World Glaucoma Week will be observed globally from March 8, 2020.
The observance is an initiative of the World Glaucoma Association and World Glaucoma Patient Association under the theme “B.I.G: Beat Invisible Glaucoma”
The week is to raise public awareness of the eye disease glaucoma, which is a leading cause of blindness in the world and the leading cause of irreversible blindness in Dominica.
Glaucoma is a group of eye diseases which damage the optic nerve of the eye which results in loss of vision starting with the side or peripheral vision. It is mostly asymptomatic that is persons are not aware that their vision is being lost until it is quite advanced. As a result, it is referred to as the “Silent Thief of Sight”.
However, most people with glaucoma do not become blind as loss of vision from it can be prevented.
What are the risk factors?
- Age: The risk increases with age
- Race: Blacks more than Whites
- They are 4-7 times more likely to develop glaucoma than Whites.
- They develop glaucoma at a younger age (35-40 years)
- They have a higher risk of becoming blind from glaucoma.
- Family history of glaucoma
- Elevated eye pressure (normal range 10mmHg – 22mmHg); However 50% of patients diagnosed with glaucoma have normal eye pressures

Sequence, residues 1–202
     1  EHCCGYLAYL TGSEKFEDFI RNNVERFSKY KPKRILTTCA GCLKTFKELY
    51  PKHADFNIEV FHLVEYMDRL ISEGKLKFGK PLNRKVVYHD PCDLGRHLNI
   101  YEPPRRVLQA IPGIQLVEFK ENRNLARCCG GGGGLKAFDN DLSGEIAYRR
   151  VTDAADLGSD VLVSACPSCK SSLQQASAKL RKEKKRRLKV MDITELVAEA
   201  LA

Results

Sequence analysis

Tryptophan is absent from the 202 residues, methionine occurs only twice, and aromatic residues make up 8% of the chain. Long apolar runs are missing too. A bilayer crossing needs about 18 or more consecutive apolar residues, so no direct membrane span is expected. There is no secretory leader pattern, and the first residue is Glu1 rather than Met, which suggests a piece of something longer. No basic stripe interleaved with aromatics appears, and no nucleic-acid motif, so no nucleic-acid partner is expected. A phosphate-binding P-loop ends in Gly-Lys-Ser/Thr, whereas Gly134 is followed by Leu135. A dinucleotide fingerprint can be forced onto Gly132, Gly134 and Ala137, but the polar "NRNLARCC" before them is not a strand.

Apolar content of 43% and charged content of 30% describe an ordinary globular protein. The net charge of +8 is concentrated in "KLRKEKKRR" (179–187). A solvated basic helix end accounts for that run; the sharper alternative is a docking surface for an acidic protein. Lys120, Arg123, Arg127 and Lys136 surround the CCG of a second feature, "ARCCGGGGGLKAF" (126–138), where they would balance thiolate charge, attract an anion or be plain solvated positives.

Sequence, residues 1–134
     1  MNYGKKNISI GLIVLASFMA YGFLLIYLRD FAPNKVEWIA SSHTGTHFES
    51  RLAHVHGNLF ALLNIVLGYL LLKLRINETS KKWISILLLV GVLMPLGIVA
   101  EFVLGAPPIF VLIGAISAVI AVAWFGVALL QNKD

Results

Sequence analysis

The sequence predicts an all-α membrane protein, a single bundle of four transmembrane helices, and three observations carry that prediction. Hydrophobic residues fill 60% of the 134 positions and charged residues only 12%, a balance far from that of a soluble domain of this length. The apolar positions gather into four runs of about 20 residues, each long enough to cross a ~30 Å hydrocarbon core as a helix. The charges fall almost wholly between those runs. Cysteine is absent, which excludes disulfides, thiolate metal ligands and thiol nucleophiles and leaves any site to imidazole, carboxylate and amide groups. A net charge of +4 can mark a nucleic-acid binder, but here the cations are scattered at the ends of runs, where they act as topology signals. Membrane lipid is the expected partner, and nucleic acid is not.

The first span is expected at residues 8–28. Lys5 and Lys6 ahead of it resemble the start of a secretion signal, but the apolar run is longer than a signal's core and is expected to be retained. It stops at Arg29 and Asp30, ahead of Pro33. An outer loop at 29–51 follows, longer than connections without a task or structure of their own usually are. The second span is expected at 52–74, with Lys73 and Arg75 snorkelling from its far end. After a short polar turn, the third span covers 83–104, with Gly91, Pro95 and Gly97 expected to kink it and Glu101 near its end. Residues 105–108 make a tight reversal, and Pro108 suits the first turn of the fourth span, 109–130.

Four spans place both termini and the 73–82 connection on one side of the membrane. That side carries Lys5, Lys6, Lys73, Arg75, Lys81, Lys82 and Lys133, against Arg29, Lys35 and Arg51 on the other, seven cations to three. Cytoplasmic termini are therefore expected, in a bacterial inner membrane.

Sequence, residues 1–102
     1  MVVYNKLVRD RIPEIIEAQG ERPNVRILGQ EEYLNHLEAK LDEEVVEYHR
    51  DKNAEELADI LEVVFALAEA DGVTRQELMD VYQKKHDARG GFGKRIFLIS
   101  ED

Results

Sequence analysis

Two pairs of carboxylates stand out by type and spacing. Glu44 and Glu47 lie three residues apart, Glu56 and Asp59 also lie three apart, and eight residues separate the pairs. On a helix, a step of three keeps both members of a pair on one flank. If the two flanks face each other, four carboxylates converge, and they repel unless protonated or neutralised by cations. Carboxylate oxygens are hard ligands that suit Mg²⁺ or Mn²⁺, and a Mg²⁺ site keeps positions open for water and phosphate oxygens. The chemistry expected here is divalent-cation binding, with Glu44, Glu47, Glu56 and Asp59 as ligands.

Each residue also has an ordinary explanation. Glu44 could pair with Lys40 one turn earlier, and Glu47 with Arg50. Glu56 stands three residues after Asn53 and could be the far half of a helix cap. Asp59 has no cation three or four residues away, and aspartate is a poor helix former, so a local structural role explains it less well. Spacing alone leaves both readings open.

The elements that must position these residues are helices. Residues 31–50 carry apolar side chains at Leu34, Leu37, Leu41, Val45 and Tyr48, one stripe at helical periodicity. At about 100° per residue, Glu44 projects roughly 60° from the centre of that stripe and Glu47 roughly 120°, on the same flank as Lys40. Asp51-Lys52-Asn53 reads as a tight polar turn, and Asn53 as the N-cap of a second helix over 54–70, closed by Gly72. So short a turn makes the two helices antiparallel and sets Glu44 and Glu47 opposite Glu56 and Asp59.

- Thin central corneal thickness (<0.5 MM)
- Trauma to the eye
- Steroid medications: Pills, injections, inhalers and eyedrops
- Myopia (near-sighted), Diabetes mellitus, Smoking
Glaucoma cannot be cured but it can be controlled.
Early detection and adherence to treatment are the best means to prevent or slow the progression of vision loss from glaucoma.
Normal visual field (peripheral or side vision) becomes constricted (tunnel vision) over 10 years because of poor Adherence.
Treatment aims to lower the eye pressure most times with eyedrops but glaucoma laser procedures and surgery are also available.
Adherence to treatment is the result of a balance between the patient understanding the potential risk of blindness due to glaucoma, their belief in the benefits of their medication on one hand and the burden of taking the medication on the other – mostly cost and side effects.
Patients do not benefit from medications they don’t take.
The Government of Dominica has implemented a policy whereby all glaucoma medications are provided free of charge to persons 18 and younger and 60 and older.
Eye clinics have resumed free of charge in all Primary health districts.
There are now three ophthalmologists in the public sector and a total of 5 eye specialist in Dominica who can screen for and treat glaucoma.
In addition, with the construction and equipping of the new Brenda Strafford Eye Centre at the Dominica China Friendship Hospital, most of the latest investigations and treatment modalities will be available for the management of glaucoma.
In Dominica, eye care for glaucoma is available, accessible and affordable.
Do your part: “Go get your eyes tested for glaucoma. Save your sight.”